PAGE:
We sat down with Home Affairs Minister Malusi Gigaba to get some insights into his department’s plans to encourage inbound travel to South Africa and to facilitate movement within the continent.
A number of amendments in conjunction with the department of tourism and the cabinet are underway, paving the way for simplified yet intelligent travel for domestic, regional and international travellers.
In 2015, cabinet decided to implement measures to adjust immigration regulations, with the goal of increasing numbers for leisure, business and academic travellers coming into the country. Among these measures was the home affairs department’s proposal to issue long-term travel visas to businesspeople from the BRICS and African countries, trusted frequent travellers to South Africa, and to academics from the African continent.
The minister said that some of these plans had already been implemented, barring proposed changes to the unabridged birth certificate that contains details of a minor’s parents, which was first introduced in March 2014.
Travellers with minors from countries with visa exemptions would be issued with a strong advisory note with regard to unabridged birth certificates and letters of consent when they come to the country. It would then be at the discretion of the immigration officers whether they ask for these documents or not. With child trafficking still a pertinent concern, these travellers may be denied freedom to travel to or out of the country should they not have these documents.
“South Africans travelling abroad still need to be in possession of both the unabridged birth certificate as well as the letter of consent from either the parent who is not travelling, or from both parents should the child not be travelling with both parents,” Gigaba said.
The new amendments, following the call for public comments and consideration, will be announced in the Government Gazette in 2017.
A number of proposals to increase travel from our neighbouring countries are also on the cards. An agreement with the government of the Kingdom of Lesotho has been entered into. The agreement would allow Lesotho nationals – once their government has established a database and given the South African home affairs department access to that data – the ability to travel between South Africa and Lesotho without their passports having to be stamped, Gigaba said. Lesotho nationals would simply just need to present the machine readable passport itself.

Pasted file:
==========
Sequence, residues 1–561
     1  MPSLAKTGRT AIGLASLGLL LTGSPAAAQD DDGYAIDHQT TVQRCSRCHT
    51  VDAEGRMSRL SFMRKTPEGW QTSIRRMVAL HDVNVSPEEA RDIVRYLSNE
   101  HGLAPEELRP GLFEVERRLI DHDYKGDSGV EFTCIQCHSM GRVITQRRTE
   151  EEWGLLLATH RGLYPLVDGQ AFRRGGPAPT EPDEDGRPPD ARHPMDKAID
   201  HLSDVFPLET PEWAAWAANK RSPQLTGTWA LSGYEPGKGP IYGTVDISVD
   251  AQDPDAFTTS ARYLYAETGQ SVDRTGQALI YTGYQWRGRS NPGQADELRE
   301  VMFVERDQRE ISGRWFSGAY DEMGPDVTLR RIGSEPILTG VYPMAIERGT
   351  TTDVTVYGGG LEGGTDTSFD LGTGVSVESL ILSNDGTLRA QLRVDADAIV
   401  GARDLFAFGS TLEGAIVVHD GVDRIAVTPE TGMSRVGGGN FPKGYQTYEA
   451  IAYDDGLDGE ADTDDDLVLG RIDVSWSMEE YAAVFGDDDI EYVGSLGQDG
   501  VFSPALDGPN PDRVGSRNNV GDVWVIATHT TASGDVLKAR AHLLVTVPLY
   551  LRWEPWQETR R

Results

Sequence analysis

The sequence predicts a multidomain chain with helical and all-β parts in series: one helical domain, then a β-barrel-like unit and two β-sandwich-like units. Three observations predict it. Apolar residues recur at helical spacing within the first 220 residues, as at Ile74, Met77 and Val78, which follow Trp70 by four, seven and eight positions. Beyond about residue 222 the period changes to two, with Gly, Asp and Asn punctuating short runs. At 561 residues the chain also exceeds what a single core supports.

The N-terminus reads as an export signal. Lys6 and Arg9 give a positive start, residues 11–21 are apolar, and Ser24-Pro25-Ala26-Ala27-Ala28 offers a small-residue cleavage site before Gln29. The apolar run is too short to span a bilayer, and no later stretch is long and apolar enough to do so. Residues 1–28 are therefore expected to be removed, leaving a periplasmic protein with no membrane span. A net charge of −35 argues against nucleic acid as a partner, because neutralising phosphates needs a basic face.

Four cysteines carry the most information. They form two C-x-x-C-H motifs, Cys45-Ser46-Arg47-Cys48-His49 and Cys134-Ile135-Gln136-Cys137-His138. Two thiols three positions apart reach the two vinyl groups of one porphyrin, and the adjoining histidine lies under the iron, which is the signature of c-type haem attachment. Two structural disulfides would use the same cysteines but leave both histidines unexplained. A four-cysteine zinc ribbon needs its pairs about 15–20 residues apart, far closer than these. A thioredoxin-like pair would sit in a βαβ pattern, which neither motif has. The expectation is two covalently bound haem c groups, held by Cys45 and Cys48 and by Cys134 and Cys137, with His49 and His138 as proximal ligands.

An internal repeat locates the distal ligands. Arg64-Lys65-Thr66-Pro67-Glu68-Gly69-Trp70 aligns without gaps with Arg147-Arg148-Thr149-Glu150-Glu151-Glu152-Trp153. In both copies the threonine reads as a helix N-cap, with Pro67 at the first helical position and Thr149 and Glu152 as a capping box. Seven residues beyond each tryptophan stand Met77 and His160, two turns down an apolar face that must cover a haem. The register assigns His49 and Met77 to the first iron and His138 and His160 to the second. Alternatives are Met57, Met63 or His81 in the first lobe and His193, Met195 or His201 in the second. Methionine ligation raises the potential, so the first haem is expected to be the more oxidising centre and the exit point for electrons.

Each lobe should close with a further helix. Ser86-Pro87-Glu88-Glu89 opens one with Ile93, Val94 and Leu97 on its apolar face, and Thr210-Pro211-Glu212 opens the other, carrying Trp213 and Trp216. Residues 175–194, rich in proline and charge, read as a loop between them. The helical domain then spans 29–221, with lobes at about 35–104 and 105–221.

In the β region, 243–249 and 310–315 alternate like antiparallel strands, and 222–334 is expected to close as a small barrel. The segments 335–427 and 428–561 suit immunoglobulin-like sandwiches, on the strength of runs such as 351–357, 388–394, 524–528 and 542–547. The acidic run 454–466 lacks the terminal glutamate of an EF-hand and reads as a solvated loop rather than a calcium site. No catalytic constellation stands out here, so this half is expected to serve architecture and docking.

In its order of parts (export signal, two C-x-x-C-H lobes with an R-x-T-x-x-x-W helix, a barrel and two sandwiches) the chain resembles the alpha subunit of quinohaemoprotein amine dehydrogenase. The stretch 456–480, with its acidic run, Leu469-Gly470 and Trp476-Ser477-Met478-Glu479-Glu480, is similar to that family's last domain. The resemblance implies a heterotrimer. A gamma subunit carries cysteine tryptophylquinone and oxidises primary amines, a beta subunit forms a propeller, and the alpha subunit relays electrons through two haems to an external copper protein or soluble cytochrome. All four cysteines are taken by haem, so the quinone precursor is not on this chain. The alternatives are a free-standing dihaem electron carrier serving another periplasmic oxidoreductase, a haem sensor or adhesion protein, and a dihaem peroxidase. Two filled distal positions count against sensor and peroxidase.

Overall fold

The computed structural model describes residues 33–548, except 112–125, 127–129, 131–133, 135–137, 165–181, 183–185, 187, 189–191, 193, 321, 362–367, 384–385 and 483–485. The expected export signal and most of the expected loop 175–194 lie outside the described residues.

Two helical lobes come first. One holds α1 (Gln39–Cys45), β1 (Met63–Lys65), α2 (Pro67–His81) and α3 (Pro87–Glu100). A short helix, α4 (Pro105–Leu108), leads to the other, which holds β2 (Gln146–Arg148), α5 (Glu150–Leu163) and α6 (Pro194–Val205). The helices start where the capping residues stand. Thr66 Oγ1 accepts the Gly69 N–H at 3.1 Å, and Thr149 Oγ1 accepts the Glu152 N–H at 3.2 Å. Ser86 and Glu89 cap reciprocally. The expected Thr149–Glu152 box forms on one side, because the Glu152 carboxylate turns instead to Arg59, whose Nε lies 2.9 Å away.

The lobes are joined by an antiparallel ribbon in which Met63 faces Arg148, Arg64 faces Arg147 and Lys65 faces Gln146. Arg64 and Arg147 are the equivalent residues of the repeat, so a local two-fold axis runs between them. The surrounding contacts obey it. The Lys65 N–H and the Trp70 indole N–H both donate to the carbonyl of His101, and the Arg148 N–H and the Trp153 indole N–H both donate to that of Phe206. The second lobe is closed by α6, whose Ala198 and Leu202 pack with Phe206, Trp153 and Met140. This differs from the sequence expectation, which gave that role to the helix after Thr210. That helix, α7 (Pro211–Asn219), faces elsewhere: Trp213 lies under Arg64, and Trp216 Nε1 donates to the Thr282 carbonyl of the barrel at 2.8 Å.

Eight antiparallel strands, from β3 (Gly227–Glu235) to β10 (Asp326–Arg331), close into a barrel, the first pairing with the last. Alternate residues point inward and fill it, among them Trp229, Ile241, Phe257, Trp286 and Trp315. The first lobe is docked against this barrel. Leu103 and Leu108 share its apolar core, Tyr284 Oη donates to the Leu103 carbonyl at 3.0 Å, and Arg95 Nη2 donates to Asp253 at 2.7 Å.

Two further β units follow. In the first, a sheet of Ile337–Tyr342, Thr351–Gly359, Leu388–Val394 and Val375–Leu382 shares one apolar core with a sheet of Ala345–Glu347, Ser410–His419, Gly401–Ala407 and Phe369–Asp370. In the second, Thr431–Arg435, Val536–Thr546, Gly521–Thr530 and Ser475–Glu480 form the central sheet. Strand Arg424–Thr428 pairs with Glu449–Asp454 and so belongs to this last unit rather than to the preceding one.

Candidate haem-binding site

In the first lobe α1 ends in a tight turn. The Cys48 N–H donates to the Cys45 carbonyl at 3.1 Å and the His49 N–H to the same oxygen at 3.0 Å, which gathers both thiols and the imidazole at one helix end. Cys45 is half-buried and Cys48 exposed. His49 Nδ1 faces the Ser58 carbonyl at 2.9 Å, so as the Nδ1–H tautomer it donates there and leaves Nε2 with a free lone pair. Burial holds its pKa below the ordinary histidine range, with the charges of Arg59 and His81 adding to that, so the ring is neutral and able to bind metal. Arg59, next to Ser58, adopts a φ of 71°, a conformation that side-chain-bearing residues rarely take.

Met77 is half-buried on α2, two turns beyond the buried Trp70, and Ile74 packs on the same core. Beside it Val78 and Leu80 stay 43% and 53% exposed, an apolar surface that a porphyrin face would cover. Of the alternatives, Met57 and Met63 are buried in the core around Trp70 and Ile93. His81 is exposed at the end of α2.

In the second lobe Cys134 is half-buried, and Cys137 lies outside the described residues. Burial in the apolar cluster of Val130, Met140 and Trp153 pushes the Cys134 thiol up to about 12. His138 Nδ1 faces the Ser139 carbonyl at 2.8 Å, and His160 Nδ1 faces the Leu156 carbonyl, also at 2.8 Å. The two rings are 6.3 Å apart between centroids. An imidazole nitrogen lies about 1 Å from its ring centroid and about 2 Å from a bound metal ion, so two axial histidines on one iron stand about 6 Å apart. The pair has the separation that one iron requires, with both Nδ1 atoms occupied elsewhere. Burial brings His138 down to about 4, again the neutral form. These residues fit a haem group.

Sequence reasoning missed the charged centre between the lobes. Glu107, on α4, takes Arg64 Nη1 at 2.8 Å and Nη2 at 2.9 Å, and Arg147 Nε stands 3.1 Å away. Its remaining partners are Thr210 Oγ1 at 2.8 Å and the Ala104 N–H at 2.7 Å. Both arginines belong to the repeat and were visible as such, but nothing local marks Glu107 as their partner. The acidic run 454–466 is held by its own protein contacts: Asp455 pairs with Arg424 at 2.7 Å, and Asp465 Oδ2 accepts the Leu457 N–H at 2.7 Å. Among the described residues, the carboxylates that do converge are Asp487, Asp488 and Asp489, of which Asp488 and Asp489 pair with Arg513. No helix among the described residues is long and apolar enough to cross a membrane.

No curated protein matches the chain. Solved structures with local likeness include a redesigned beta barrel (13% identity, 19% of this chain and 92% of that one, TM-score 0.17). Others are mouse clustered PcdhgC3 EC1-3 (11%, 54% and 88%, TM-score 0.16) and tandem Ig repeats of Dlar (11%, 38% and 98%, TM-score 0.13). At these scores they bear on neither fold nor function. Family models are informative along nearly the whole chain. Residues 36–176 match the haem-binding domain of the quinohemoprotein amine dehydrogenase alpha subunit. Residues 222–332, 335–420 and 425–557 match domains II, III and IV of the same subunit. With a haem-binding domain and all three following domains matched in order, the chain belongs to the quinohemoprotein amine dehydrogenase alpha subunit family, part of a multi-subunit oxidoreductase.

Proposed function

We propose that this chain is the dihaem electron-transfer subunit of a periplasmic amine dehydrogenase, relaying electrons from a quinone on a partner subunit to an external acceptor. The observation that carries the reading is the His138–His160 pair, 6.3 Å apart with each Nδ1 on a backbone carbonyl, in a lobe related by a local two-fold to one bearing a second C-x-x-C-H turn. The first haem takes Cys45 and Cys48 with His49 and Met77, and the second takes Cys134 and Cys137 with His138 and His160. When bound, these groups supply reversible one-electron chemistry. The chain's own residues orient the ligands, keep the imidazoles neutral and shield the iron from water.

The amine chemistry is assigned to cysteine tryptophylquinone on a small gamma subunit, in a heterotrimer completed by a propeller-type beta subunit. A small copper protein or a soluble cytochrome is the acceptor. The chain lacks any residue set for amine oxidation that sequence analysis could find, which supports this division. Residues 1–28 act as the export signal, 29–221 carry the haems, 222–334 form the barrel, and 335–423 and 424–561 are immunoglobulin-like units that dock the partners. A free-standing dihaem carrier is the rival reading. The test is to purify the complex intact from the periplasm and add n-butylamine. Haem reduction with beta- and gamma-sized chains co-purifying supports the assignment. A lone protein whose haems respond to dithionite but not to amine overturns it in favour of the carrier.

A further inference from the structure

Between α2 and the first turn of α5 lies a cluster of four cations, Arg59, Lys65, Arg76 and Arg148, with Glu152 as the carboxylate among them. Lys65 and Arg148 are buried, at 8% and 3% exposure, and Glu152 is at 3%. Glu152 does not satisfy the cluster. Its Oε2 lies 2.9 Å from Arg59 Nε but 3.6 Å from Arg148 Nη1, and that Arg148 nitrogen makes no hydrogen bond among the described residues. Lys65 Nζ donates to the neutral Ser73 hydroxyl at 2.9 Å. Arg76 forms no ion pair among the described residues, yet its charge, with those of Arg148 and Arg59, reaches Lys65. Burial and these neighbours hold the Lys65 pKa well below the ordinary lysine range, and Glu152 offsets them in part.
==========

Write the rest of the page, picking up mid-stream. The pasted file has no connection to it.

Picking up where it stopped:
“We are implementing [this] in terms of the new international migration policy framework that is going to be completed by March next year. Already as we stand, most travellers to South Africa are from the African continent – mostly from the SADC region – that includes undocumented immigrants, those who ordinarily would be called illegal immigrants,” he said.
An afrocentric international migration policy framework is set to facilitate trade and commercial activity between South Africa and fellow African countries. A 10-year multiple entry visa for African businesspeople and academics will therefore be issued, and a three to five-year multiple entry visa for frequent travellers to South Africa.
With free movement within the African continent being a long-term goal, the ministry reiterated the need for collaboration from other African countries, while taking into consideration the need to minimise risk across all borders within SADC and the rest of the continent. The majority of SADC countries have not ratified the protocol, which means precautions must be taken before drastic steps toward free movement are taken.
The minister acknowledged the recent challenges experienced at airports such as King Shaka International Airport, which have resulted in delayed flights and some travellers missing their flights due to processes at immigration through the implementation of the biometric systems.
“We are taking steps as a department, working with various partners such as ACSA and the Civic Aviation Authority of South Africa, to minimise those risks. Among others, by taking steps to increasing immigration officers so that we can be able to fill up all of our immigration checkpoints at the airport to assist more people than we are able to at the present moment,” Gigaba said. So we wish for their indulgence, we apologise for the inconvenience that they have been experiencing.”
The minister also shared that they are looking at other steps to take in the medium to long term that are going to make it even easier for certain categories of people who are significant nonetheless to be able to travel both when they’re outbound as well as when they are inbound at immigration services.
Watch the interview below: